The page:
On 27 November 1960 African and Indian diplomats visiting the UN in New York opened their mail to find a leaflet from the Ku Klux Clan:
“A foul stench spreads out from the East River and hangs over New York like a pall — the greasy sweat of the Black Races and the Yellow Races of Asia which have invaded the United Nations. It is enough to make every White Protestant American vomit.
It ended with a threat: the delegates better stay close to the UN buildings and the ‘brothels of Harlem, and not defile the hotels and restaurants of the White City’.
FBI officers investigating the correspondence noted a couple of oddities. First, some of the language was off: it called for delegates to be ‘tanned and feathered’ rather than ‘tarred and feathered’. Then there was the timing: the letters arrived a day before the General Assembly was set to debate colonialism, in response to the Soviet leader Nikita Khrushchev’s demand that all colonial people be given independence.
In Active Measures, a mind-bending history of disinformation campaigns, Thomas Rid, a professor at Johns Hopkins, reveals that the KKK leaflet was one of thousands of forgeries created by the Soviet Union and its allies in the Cold War in order to exacerbate ‘even the smallest rift between enemies’. At the same time, Soviet secret services were also playing the other side of racial tensions. A front organisation called the African Friends Association cast doubt on US claims to help African countries:
“We, Negroes living in the United States of America, are going to reveal the truth to you about the way Americans really treat people with dark skin.
Rid begins his story with early Bolshevik plots to ensnare White Russian emigrés, and takes us through to Putin’s online hacks and leaks of Western politicians’ emails. Not all ‘disinformation’ operations are about deceptive content, Rid notes; sometimes it’s the behaviour of the actor behind the operation that is the deceptive part. All the perpetrators care about is the effect. That effect can be direct and easy to measure. When, in 1951, the CIA sent shopowners in East Germany fake letters purportedly from the government in East Berlin, instructing them urgently to sell off goods at low prices, it created shortages. When, in 1972, the Stasi bribed and bamboozled two German MPs to abstain from a vote of confidence in chancellor Willy Brandt, they got to keep their favoured candidate in power, despite the odds. But it’s harder to measure the cumulative effect of long-term campaigns that play into existing social divides. Rid is keen to point out that disinformation bosses like to make exaggerated claims of their successes as crassly as any PR flack.
Most of the book is about Soviet bloc operations, for whom this sort of political warfare became ever more important as their soft power waned. The less anyone believed in the communist dream, the more they had to work to smear their enemies instead. These days Putin’s Russia doesn’t even try very hard to be a beacon on a hill.It just wants everyone to look as rotten as itself. The Kremlin’s renewed efforts will ensure that Active Measures appears on the reading list of government officials and security experts. But it would be a disservice to reduce it to such a narrow space. For this is a book about something much bigger: our relationship with truth and our desire for lies.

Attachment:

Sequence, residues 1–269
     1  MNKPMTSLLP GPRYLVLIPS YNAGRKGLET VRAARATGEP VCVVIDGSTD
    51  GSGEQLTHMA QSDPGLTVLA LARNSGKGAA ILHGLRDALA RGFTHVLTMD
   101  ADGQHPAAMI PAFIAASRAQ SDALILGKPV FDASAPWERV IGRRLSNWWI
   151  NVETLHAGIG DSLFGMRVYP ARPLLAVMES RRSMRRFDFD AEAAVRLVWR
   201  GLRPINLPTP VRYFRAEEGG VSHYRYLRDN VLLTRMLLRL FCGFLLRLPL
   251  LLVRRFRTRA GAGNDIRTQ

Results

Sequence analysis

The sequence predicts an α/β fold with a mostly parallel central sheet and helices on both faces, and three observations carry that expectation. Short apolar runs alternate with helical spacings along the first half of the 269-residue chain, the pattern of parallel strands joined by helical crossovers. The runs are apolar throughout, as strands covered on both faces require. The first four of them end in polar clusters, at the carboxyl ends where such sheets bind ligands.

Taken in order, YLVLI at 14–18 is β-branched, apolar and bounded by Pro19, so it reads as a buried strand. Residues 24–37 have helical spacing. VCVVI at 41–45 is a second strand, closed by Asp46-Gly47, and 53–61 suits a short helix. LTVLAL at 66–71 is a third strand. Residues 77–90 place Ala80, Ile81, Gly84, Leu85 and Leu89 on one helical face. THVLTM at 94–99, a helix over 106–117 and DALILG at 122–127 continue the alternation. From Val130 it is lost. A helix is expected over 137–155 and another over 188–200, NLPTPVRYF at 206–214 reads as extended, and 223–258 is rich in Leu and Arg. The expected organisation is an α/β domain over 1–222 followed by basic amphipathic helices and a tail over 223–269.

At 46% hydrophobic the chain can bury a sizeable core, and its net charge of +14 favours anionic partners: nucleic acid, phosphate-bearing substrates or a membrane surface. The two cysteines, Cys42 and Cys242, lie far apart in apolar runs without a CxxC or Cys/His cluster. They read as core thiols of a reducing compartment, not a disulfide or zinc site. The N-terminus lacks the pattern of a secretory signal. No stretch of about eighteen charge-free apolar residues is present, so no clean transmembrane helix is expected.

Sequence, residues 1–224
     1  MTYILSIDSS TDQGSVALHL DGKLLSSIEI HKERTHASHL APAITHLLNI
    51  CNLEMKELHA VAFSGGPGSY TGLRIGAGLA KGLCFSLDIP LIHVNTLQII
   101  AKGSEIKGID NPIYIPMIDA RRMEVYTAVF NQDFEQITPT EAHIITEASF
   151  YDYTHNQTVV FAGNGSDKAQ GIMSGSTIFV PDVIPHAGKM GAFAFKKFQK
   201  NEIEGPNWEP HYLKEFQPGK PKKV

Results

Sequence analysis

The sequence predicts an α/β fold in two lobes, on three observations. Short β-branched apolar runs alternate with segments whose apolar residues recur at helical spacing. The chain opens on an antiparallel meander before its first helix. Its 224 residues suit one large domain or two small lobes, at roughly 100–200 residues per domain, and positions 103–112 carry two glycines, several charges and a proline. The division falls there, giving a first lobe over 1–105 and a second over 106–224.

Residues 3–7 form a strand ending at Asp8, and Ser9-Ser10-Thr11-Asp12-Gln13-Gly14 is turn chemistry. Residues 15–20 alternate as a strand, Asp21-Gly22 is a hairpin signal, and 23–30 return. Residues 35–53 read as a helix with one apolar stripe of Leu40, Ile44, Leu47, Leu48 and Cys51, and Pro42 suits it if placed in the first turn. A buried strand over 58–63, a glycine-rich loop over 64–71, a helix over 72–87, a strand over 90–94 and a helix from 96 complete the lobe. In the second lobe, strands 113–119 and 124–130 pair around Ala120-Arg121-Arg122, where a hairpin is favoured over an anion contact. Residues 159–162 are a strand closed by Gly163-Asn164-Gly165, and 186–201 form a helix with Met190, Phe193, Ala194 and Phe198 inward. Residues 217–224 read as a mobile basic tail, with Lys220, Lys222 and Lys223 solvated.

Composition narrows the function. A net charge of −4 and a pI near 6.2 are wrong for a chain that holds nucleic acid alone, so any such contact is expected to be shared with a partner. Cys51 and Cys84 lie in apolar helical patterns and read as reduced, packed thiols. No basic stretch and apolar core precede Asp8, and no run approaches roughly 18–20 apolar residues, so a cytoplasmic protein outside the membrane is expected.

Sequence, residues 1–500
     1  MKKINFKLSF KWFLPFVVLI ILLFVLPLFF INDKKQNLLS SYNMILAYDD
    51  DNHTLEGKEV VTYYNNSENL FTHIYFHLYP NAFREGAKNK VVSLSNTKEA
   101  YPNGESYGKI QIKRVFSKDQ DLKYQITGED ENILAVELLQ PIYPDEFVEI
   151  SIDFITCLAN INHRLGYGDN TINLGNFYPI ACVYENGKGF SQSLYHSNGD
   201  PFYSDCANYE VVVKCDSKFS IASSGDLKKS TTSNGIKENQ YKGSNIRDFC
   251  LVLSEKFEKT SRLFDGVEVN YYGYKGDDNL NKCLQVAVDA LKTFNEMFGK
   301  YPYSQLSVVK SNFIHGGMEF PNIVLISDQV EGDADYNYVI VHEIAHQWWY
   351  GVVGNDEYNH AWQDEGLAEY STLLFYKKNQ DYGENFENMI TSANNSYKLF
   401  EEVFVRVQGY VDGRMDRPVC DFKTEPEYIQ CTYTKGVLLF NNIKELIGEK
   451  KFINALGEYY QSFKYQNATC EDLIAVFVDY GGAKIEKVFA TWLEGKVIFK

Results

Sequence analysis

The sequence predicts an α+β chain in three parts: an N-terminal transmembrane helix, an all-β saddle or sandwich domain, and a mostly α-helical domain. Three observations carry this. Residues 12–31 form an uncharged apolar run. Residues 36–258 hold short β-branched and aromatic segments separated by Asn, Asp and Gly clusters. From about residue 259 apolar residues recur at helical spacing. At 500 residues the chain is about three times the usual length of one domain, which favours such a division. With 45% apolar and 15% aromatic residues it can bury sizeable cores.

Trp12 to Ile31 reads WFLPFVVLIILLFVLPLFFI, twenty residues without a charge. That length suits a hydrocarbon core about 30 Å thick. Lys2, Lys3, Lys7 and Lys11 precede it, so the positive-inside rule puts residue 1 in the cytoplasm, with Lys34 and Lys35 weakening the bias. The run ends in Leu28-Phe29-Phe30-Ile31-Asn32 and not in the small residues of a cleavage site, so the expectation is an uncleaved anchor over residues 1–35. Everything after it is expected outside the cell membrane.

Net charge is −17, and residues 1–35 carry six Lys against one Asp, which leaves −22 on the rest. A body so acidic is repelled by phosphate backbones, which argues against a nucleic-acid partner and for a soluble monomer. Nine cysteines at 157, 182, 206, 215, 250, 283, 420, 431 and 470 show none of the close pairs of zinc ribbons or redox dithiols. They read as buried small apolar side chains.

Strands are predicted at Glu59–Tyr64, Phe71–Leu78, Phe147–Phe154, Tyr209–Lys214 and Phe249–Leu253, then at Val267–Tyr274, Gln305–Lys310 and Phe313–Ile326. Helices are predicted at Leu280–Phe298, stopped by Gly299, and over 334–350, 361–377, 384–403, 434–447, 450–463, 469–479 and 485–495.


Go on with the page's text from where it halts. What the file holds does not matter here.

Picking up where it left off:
Rid repeatedly shows how even shoddily produced disinformation gets traction if it resonates with what the target audience wants to hear. When Western peace activists in the 1960s were handed ‘evidence’ of American ‘plans’ to launch war in Europe, they decided that it didn’t matter if they were looking at a forgery, as ‘we can guess there is a document almost exactly like it’. In a more insidious way, Western media today lap up Kremlin hacks of our politicians because it satisfies the need for salacious stories — whatever the context.
The most dextrous disinformation unlocks horrible truths about our hidden attitudes. In the decades after the second world war the KGB sensed that the West had not coped with its historical anti-Semitism. Maybe a little encouragement would help to bring the poison back to the surface and get the Western allies accusing each other of housing Nazis?
The KGB first experimented back home: they daubed Nazi slogans in a village near Moscow. Most locals were shocked, but a small number were inspired to become anti-Semitic activists all on their own. The campaign was rolled out internationally. Swastikas appeared on synagogues in West Germany and the US. Jewish families received hate mail. Anti-Semitic leaflets were printed — and were soon being enthusiastically shared.